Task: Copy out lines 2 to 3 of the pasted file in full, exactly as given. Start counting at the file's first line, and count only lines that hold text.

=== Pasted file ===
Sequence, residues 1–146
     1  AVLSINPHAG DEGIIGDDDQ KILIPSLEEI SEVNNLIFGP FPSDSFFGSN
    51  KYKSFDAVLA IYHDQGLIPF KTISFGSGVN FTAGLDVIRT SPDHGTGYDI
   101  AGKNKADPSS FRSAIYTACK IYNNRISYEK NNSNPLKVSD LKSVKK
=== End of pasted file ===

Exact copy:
     1  AVLSINPHAG DEGIIGDDDQ KILIPSLEEI SEVNNLIFGP FPSDSFFGSN
    51  KYKSFDAVLA IYHDQGLIPF KTISFGSGVN FTAGLDVIRT SPDHGTGYDI